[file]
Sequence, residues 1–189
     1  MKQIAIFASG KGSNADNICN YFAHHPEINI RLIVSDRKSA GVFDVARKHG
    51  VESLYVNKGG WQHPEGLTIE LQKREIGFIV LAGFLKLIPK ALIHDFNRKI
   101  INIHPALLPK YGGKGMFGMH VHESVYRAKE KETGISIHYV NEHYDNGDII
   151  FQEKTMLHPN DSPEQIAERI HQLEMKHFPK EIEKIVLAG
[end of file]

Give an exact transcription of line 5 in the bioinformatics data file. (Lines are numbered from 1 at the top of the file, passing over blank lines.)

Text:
   151  FQEKTMLHPN DSPEQIAERI HQLEMKHFPK EIEKIVLAG